How To Look At A House
McGarry and Madsen's home inspection blog for buyers of
site-built, mobile/manfuactured and modular homes
What causes brick to crumble?
Thursday, February 13, 2020
Both brick and mortar joints deteriorate over time, and repointing mortar for an older brick wall is to be expected. But each other type of damage has a specific cause:
•• Freeze damage happens when water saturates the pores of the brick near the surface and then freezes. Water expands when frozen and this creates surface fractures, like in the photo below.
This type of damage is also called “spalling,” and can be the result of sealing the surface of the bricks with a non-breathable sealant, high-pressure washing, a driving rain before a freeze, and any places where roof water consistently drains down along the wall. To learn more, see our blog post What does freeze damaged brick look like?
•• White powder on the surface of the brick is caused by “efflorescence,” a leaching of salts from the brick by moisture getting behind the brick and migrating to the surface, and is only a cosmetic problem. Go to our article What are those powdery white areas on my brick walls? for details.
•• Rising damp makes bricks gradually crumble and look like they are melting away. Moisture rises up from the ground through porous building materials like the soft brick shown below, which was probably under-fired when manufactured, by capillary action. Freezing temperatures and the salt crystals in the saturated brick cause it to disintegrate over time. See our article What causes the surface of old bricks to erode away into sandy powder? for more on this phenomenon.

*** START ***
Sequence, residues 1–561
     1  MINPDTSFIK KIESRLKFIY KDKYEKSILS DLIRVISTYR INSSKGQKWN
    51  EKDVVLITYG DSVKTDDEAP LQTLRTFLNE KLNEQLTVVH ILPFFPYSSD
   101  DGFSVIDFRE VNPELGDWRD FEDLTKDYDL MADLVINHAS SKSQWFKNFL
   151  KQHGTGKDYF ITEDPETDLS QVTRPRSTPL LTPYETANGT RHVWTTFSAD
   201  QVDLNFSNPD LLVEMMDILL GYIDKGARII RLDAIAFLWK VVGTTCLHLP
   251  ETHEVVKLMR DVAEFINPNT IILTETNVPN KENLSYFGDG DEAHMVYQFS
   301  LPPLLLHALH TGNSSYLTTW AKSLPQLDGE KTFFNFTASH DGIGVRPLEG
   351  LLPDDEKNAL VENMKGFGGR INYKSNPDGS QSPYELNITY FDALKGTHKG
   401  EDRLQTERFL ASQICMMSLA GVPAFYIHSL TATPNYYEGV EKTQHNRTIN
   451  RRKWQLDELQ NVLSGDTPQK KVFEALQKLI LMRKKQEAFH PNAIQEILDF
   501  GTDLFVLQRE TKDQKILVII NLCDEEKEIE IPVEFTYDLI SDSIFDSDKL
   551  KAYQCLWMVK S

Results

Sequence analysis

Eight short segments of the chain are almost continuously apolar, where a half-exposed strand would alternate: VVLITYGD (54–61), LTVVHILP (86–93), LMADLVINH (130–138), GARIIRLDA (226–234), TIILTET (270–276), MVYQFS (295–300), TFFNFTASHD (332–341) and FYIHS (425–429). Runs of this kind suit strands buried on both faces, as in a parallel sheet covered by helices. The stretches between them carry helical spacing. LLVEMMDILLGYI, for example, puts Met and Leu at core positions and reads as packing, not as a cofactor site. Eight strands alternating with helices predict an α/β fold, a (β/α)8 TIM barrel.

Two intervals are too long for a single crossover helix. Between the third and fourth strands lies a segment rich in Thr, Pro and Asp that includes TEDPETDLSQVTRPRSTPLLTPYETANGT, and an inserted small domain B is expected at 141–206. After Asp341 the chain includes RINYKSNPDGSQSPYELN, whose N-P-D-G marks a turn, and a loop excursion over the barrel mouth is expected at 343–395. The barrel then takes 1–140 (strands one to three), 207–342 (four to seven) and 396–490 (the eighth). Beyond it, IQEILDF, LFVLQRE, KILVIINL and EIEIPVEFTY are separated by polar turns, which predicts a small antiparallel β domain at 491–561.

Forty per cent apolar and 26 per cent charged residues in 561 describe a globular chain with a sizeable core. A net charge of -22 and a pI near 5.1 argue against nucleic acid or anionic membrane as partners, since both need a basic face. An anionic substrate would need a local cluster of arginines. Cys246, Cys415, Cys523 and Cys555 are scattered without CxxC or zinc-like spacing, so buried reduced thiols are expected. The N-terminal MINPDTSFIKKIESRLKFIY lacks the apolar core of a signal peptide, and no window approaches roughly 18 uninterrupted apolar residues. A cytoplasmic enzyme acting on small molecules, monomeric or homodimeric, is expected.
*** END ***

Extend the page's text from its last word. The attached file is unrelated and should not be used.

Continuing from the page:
•• Long lines of missing mortar are usually caused by corrosion of reinforcing steel “ladders,” used to strengthen a wall, when water seeps behind the mortar, as shown below. Visit our blog What would cause long horizontal lines of brick mortar to fall out? for complete details.
•• Mortar cracks are not necessarily a problem if minor. Mortar is designed to be slightly weaker structurally than the bricks it is bonding. This goes for all types of masonry, including brick, concrete block, or stone, and the logic behind it is that any cracks caused by movement in the wall are easier and less expensive to repair at the mortar joints. A crack in the mortar is called a “bond break” and, because they allow water into a wall and the subsequent deterioration over time, finger-size pieces of mortar will eventually begin to fall out or the mortar will crumble away unless repaired.
••Cracks in both brick and mortar usually mean foundation problems.
Here’s several of our articles about structural problems in masonry walls:
• • • • • • • • • • • • • • • • • • • • • • • • • • • •
To learn more about exterior walls and structures, see these other blog posts:
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